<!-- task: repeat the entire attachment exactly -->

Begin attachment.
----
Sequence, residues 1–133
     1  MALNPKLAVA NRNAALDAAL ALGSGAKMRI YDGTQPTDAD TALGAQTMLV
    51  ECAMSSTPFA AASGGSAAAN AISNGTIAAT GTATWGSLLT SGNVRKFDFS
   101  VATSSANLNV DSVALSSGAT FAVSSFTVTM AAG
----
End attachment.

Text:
Sequence, residues 1–133
     1  MALNPKLAVA NRNAALDAAL ALGSGAKMRI YDGTQPTDAD TALGAQTMLV
    51  ECAMSSTPFA AASGGSAAAN AISNGTIAAT GTATWGSLLT SGNVRKFDFS
   101  VATSSANLNV DSVALSSGAT FAVSSFTVTM AAG